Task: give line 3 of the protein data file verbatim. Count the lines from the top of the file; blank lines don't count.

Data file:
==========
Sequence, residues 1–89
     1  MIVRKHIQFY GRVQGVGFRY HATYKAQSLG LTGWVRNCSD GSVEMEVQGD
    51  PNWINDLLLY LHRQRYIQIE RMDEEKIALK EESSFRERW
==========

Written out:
    51  PNWINDLLLY LHRQRYIQIE RMDEEKIALK EESSFRERW